He also noted that “program and service managers are likely to prefer performance measurement to cost accounting” because “cost accounting incorporates cost information that may be out of the control of managers because the costs can be incurred by different departments.”
Mohr concluded that communities in North Carolina were able to bridge these tensions by developing the two systems side-by-side, which helped pave the path to using both for performance budgeting. But if one system is already in place and relatively robust, developing the other system will likely be more difficult—and a potential barrier to the longer-term objective of creating performance-informed budget systems.
Do Politicians Only Use Favorable Performance Measures?
In a second article, in Public Performance and Management Review, Danish researchers Bente Bjornholt, Martin Baekgaard and Kurt Houlberg examined whether local politicians facing budget cuts are more—or less—likely to use performance information to guide their budget decisions.
The authors conducted several surveys of all 2,467 Danish municipal political leaders between 2009 and 2013—a period when budgets were cut 5 percent. The prevailing notion was that performance information would be useful in identifying areas where services can be cut. And the research team noted it has long been thought that “fiscal austerity and how politicians perceive fiscal austerity might lead to an increased emphasis on management instruments such as performance measurement in order to optimize efficiency and effectiveness.”
But it turns out that is not the case. The authors concluded that “performance systems are based on a logic of management, politics represents a logic of interest.”
In the first survey, 65 percent to 80 percent of politicians said all forms of performance information were of value to them, noting a special interest in citizen surveys. This implies they have a positive attitude toward performance information. But even though they may like such information, their responses in a later survey indicated that they don’t use it when making decisions about budget cuts. In fact, statistical analyses of the survey data, when compared with the degree of fiscal austerity in the municipalities, shows that “the higher the level of fiscal austerity in a municipality, the less the politicians use performance information,” the authors said.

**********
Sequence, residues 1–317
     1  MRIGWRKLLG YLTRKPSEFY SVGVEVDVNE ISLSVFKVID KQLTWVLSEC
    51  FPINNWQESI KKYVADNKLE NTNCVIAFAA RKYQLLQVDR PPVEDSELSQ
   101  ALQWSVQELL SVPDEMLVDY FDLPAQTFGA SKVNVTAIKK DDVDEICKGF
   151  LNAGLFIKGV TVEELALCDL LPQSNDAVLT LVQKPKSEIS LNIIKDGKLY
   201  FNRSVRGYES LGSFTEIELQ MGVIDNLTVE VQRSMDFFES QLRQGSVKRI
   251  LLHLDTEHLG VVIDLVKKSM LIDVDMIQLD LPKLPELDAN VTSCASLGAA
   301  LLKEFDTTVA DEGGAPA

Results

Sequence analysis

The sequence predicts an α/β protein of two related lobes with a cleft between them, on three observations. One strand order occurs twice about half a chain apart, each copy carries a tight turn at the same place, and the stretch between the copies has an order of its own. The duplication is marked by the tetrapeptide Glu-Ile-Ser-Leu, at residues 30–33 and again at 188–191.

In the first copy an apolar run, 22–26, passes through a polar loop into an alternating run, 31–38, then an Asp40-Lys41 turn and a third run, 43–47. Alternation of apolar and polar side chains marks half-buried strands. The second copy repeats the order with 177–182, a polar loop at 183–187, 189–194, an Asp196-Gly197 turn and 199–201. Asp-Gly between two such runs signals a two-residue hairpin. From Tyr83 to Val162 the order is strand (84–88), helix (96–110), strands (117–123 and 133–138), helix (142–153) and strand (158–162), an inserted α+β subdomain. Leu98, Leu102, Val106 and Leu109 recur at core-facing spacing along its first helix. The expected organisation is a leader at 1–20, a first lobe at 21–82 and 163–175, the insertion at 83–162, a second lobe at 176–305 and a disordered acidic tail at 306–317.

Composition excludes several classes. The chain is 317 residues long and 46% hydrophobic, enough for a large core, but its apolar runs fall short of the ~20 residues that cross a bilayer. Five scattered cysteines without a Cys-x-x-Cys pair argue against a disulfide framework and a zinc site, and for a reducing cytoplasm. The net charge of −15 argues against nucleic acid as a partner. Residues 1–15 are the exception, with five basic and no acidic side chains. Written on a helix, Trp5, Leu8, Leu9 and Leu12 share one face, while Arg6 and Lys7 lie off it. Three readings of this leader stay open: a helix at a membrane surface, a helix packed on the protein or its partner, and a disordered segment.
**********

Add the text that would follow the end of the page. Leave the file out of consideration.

The researchers concluded: “In order to avoid blame, politicians facing fiscal stress are less likely to emphasize performance information and may also question the reliability and validity of such information . . . by making performance information less transparent, politicians may avoid being blamed for highly unpopular declines in public services.” They found, however, that conservative politicians tended to find performance information more useful than their more liberal counterparts. The use of performance information in making budgeting decisions may be—in the words of the researchers—“the politics of good times.”
While the conclusions drawn by the authors of these two reports is a bit distressing to performance advocates, they do leave the door open. They note that it’s not impossible to move to performance budgeting, but that it takes political leadership committed to the use of evidence in making decisions. That tends not to be something that will happen naturally in a political context, especially when making trade-offs, but it is more likely when undertaken by career managers in other phases of the budget process, such as formulation and execution.